But maybe what is worse than death is reducing the other to biological life who is here only for the production of increased life of others, or who as biological life is expendable. My husband and I have been having a long-running debate about cannibalism. My initial response to it is that I don’t really have a problem with the idea that in dire straits, one might have to eat another human. He keeps insisting that there are some things worse than death, and that we should be willing to die for the idea of the dignity of the human. This flusters me and makes me worry that I’m more invested in living than dignity. But I have watched his concern about the loss of the chance to mourn the dead that seems to be really happening in New York and around the world. And I’m reminded how fragile is the line between treating other life as for us and treating it as for itself. The line depends on the treating.

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Arendt on Being in Public and Social Distancing

Is “social distancing” a step on the road to tyranny? Arendt captures the concern of many that forced isolation and empty public spaces during the current shelter-in-place orders that most U.S. state governors have issued serves tyranny when she writes in The Origins of Totalitarianism:

It has frequently been observed that terror can rule absolutely only over men who are isolated against each other and that, therefore, one of the primary concerns of all tyrannical governments is to bring this isolation about. (474)

Isolation seems to make tyranny possible because it allows governments to replace the shared understanding that citizens can achieve by judging a world that appears in common to all with an ideology that fits the ends of the tyrant.

Arendt explains:

Just as terror, even in its pre-total, merely tyrannical form ruins all relationships between men, so the self-compulsion of ideological thinking ruins all relationships with reality. The preparation has succeeded when people have lost contact with their fellow men as well as with the reality around them; for together with these contacts, men lose the capacity of both experience and thought. The ideal subject of totalitarian rule is not the convinced Nazi or the convinced Communist, but people for whom the distinction between fact and fiction (i.e., the reality of experience) and the distinction between true and false (i.e., the standards of thought) no longer exist. (474)

Arendt argues in The Life of the Mind that the end of metaphysics–of the idea that a world beyond this one can be accessed, or that any access to it can be judged by one who has can stand outside this world (or that we could have access to such a judge)–requires things to appear and beings to whom the world can appear, “guarantee[ing] their reality” (19). Or as she writes in The Human Condition, “For us, appearance–something that is being seen and heard by others as well as ourselves–constitutes reality.”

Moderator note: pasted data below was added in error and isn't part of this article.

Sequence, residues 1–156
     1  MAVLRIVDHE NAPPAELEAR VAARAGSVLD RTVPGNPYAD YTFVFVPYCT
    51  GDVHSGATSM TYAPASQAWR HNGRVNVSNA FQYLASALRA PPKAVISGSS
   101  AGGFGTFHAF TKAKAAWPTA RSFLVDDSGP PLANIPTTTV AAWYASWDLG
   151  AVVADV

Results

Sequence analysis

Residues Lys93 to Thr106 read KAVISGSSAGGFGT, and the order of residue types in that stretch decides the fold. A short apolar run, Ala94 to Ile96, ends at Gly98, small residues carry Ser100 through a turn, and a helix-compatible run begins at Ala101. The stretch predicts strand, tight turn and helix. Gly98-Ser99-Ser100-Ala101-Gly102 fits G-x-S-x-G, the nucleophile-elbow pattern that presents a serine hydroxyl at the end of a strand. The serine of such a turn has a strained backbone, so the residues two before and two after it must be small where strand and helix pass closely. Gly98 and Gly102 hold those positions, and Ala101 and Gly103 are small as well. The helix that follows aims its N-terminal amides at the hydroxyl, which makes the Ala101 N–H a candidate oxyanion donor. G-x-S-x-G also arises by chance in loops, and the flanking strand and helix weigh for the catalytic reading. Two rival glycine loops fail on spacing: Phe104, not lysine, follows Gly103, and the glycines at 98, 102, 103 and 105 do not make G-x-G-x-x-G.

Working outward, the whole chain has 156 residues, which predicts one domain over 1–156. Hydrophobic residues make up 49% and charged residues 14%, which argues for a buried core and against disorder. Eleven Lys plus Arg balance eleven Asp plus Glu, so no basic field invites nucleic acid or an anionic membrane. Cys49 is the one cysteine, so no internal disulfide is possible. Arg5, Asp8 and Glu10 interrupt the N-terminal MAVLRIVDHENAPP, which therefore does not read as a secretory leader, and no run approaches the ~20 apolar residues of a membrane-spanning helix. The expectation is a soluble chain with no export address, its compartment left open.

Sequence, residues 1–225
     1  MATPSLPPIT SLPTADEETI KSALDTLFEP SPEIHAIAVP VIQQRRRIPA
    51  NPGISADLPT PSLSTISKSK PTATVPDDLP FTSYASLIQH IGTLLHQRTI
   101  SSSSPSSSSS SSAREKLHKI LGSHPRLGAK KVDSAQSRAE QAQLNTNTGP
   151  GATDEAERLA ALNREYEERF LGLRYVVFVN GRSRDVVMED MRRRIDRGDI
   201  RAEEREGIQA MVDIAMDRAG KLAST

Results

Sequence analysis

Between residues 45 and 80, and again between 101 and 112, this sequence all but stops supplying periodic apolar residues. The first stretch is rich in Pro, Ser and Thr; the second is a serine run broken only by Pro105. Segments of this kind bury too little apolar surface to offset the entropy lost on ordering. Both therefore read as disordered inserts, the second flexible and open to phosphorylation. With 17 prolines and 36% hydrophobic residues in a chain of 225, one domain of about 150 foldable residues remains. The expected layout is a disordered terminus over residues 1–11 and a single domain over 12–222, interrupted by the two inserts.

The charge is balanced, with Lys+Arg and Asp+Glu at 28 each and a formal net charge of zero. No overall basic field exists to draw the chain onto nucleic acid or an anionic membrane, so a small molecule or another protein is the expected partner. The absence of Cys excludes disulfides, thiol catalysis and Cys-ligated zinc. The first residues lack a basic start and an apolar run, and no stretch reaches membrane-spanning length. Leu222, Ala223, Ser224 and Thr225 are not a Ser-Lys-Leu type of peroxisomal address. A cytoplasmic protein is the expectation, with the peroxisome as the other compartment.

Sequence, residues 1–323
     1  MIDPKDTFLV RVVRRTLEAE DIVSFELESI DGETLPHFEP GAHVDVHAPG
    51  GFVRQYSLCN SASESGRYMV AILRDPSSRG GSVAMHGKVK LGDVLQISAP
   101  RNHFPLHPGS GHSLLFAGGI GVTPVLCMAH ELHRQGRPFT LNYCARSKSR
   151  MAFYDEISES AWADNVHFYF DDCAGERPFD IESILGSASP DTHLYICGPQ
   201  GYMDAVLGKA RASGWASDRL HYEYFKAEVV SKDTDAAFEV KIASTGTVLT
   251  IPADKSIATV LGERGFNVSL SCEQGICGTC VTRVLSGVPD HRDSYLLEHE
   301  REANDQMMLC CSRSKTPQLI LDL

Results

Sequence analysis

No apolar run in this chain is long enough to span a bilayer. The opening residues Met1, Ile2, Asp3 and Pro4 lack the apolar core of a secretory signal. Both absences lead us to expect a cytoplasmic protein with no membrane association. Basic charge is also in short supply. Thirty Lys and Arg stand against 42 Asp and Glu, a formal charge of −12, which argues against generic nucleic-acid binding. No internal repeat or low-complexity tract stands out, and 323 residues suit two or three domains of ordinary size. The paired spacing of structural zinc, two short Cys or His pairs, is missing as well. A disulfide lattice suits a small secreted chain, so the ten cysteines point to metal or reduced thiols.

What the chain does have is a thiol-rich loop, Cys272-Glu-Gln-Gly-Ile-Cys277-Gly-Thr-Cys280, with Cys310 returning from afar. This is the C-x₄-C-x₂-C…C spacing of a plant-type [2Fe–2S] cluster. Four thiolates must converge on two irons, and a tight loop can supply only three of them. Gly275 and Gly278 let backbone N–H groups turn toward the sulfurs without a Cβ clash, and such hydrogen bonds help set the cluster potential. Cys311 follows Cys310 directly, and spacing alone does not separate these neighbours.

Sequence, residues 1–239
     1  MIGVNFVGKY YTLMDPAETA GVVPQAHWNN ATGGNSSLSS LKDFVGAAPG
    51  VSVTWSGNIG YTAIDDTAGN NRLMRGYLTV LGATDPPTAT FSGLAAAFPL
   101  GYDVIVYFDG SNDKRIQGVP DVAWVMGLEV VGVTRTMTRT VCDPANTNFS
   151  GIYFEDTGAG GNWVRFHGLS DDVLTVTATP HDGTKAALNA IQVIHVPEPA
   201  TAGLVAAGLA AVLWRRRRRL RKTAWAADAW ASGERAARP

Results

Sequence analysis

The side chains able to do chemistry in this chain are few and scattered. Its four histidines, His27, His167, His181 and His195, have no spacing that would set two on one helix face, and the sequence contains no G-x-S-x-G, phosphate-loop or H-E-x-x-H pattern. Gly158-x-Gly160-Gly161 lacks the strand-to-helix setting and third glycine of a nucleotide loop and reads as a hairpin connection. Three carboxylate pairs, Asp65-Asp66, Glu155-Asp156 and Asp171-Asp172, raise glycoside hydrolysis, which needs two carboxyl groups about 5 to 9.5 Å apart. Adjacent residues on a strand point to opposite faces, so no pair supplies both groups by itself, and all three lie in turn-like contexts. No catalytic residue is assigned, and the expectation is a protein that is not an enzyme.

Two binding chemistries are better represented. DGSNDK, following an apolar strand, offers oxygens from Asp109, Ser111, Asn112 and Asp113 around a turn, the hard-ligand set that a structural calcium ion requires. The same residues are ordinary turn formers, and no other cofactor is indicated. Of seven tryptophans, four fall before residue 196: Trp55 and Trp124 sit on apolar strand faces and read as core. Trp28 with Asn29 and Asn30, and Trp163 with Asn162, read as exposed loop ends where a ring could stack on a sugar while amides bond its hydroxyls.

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Coronavirus and Divesting from the Neoliberal Subject

I was supposed to have one of the busiest semester’s of my academic life on the conference circuit this semester. Three invited panels, one Paris workshop, one interdisciplinary conference, one Italy workshop, one development workshop. Two panels happened before coronovirus hit. The international travel has been canceled and I’m waiting on word that the last remaining events will be a no-go. If you told me at the beginning of the semester that these events would be canceled, I would have thought that the news when it came would be devastating. I’m surprised to learn that I’m relieved. In the age of neoliberalism, the freedom of the collective expectation that you will not and cannot be “investing in” the human capital that you are and that no one else can be either reminds me that the burden of the expectation is a constant weight.

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Serene Khader’s Decolonizing Universalism: A Transnational Feminist Ethic: Comment at the Eastern APA

These comments were originally presented at the Eastern American Philosophical Association in Philadelphia on January 9, 2020 at the satellite meeting of the Society for Philosophy in the Contemporary World.

I appreciate this book and am glad to have it in the world. Serene Khader canvasses a breadth of debates of multicultural and transnational feminism within the field. She frames possible objections and offers responses in many cases just as the reader begins to consider that objection and in other places where the raising of the objection clarifies Khader’s position. The book is highly readable both for non-academics and technically sophisticated for scholars. I taught the book in my feminist philosophy course that focused on transnational feminism this past semester and it became a touchstone for debates throughout the course. Khader offers nuanced frameworks that aim to be effective in on the ground transnational feminist activism. I have now read and reread this book three or four times and I can say that the initial objections have melted away as I have continued to sit with it, but I think there is still something in my initial concerns that I now think are about whether universalism can be decolonized within a liberal framework. Khader herself points to these questions. In conclusion, I’ll ask whether an alternative notion of universalism in a Marxist or post-Marxist vein is what Khader’s project invites.

I would sum up my remarks with four questions:

  1. Who is the book for?
  2. What work does the sense of universalism that Khader aims to recover do?
  3. What is the status of this account as non-ideal theory?
  4. Can universalism be decolonized within a liberal framework?